Saturday, December 09, 2006

Buddhism and God

God in Buddhism
Definition of GodHow do you define God? 'Define' means place limits on, so maybe it's blasphemous even to try to define God, if this implies that the creature is attempting to place limits on its Creator.
But this certainly hasn't stopped people from trying to define God in the past. In fact, disagreements about the definition of the Indefinable have been one of the major causes of wars, persecution and terrorism during the past two millenia.
To quote Revel and Ricard [REF1]:'Intolerance is something that arose with monotheism. As soon as human beings allowed themselves to say, 'There's only one true God, and that's mine, so I have the right to annihilate anyone who doesn't believe in him', the cycle of intolerance and religious wars began. [This was written before Sept 11!]
God the CreatorGod is usually held to be the creator of the universe. Pantheists hold that God is still present within and throughout His creation. Deists believe that God is totally separate from His creation - a watchmaker who constructed the mechanism, wound it up, and then let it run down according to the laws of thermodynamics, with no further intervention.
A Personal GodGod is anthropomorphic, at least to the extent of being sexually differentiated as male rather than female (why?).
God the JudgeIn all religions (apart from Buddhism) God is the Judge of the Dead. Good people and/or true believers go up to heaven. Bad people and/or atheists and heretics (who disbelieve in God or believe in the wrong definition of God) go to hell, where they are subjected to sadistic tortures for all eternity. The actual criteria for sorting out who goes to which destination is a matter of debate within the the various denominations. Some favor salvation by works, others salvation by faith, and yet others salvation by a bit of both.
Salvation by WorksSalvation by works consists of collecting Brownie points. Good deeds earn positive points, bad deeds negative ones. When you die your points are counted, and if you've got more positive than negative you go to heaven, if more negative than positive it's eternity in hell. If you've got exactly the same number of each, they flip a coin.
Salvation by FaithSalvation by faith places more emphasis on what you believe than what you actually do. So if your religion has, say, 39 Articles of Faith and you believe 20 and disbelieve 19, then up you go. But if you only believe 19 then you go down. The coin-flipping situation can be completely avoided by having an odd number of articles of faith.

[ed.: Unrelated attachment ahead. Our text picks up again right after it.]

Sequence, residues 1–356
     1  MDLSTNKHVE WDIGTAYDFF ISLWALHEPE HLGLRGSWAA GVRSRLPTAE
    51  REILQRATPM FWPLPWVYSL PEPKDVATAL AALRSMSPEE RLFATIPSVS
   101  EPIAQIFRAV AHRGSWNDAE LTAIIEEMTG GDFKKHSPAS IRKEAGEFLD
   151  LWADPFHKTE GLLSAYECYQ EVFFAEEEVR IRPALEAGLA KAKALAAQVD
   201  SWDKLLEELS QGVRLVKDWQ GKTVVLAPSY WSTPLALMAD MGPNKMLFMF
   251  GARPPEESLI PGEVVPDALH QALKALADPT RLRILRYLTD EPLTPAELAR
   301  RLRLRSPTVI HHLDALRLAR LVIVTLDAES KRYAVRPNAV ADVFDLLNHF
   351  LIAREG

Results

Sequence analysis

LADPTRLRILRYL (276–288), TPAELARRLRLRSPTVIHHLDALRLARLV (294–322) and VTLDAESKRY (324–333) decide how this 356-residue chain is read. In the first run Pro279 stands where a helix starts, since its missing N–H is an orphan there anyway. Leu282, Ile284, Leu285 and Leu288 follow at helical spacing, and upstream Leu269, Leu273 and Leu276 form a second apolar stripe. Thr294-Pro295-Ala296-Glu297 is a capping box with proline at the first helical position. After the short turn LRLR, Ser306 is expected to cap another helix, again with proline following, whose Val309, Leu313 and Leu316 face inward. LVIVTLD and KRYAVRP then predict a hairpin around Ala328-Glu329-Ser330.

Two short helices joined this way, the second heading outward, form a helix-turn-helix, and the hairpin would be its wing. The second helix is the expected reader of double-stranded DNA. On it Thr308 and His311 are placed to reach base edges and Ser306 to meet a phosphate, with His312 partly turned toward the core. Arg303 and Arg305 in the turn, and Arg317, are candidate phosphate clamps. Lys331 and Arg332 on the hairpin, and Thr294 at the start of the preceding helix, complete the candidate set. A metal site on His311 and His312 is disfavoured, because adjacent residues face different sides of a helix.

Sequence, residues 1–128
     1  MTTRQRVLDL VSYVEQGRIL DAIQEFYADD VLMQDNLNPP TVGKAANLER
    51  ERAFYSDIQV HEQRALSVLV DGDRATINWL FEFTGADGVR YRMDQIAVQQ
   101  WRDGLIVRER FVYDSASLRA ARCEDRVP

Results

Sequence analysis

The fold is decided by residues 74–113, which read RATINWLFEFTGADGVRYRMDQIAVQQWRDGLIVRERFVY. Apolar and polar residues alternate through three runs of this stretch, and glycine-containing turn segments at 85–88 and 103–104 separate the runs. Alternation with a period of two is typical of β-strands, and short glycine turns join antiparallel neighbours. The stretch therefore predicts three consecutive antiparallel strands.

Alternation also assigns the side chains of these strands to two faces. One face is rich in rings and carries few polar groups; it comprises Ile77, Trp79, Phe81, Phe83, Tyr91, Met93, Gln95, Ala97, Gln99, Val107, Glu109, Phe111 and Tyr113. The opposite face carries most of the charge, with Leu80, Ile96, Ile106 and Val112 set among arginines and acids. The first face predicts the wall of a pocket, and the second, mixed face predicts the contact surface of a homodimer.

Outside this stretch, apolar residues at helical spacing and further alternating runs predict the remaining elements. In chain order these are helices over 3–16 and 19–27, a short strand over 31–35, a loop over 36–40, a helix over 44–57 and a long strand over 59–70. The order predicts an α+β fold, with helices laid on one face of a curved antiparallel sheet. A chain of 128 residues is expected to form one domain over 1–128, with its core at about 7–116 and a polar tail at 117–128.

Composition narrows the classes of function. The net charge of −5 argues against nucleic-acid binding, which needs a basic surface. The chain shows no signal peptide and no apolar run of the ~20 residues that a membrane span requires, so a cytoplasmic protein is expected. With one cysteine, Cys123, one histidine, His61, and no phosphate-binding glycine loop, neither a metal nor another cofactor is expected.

CompassionGod is often stated to be omniscient, omnipotent and compassionate, but this is where the trouble starts, as these qualities are mutually exclusive. You can have any two but not all three.
There is a contradiction in the idea of a supreme being who is omniscient, compassionate and yet creates souls in the knowledge that they are damned to eternal agony in hell. If God is omniscient then he knows all events both past and future, including how people will behave, and their ultimate fate in hell or heaven. He knows this before they are even born. God has already condemned newborn babes to eternal fire.
Within time or outside time?If God exists within time, and is subject to the uncertainties of Time just like the rest of us, then Time is ultimately more powerful than God. Hail Chronos, Lord and Devourer of All!
If God is omniscient and exists outside time, then he can never make a decision or choose a course of action, because he knows in advance exactly what his future actions will be for all eternity. The entire history and future of the universe will be laid out before him like the frames of a movie. He cannot decide to change his mind because he knows in advance when and how he will decide to change his mind, so his mind will already be made up. Such a God would be totally paralysed by His own pre-ordained future.
The Abrahamic theologians have overspecified God with various power attributes to such an extent that he has become a logically impossible being. For example:
OmnipotenceIf he is omnipotent, can he produce a truly indestructible object? If he can't then he's not omnipotent. If he can then he's not omnipotent either because now there's one action he cannot do (destroy the truly indestructible).
God and SatanIf God is good then why is there so much human and animal suffering in His creation? If suffering and other evils result from Satan rather than God, then why doesn't God get rid of Satan - after all, God is omnipotent and Satan is limited? In any case, if God is omniscient he knows what Satan is going to do in advance, so God could always outwit Satan and spoil his devious plots if he wanted to.
Free will and changelessness.Can God create autonomous beings, whose wishes and intentions he can't control? Most Buddhists and neo-pagans claim that humans have free will. Most materialists and some Christians (especially Calvinists) claim that free will does not exist. Materialists reject free will on the basis of physicalist determinism. Calvinist Christians reject free-will because in creating autonomous beings God would lose his omnipotence (he couldn't control their actions). Which implies that by creating such beings he would have changed in his ultimate nature from a perfect being to a limited being. Thus God would be seen as inconstant, changing and indeed diminishing over time. This is regarded by Christians as a theological non-starter.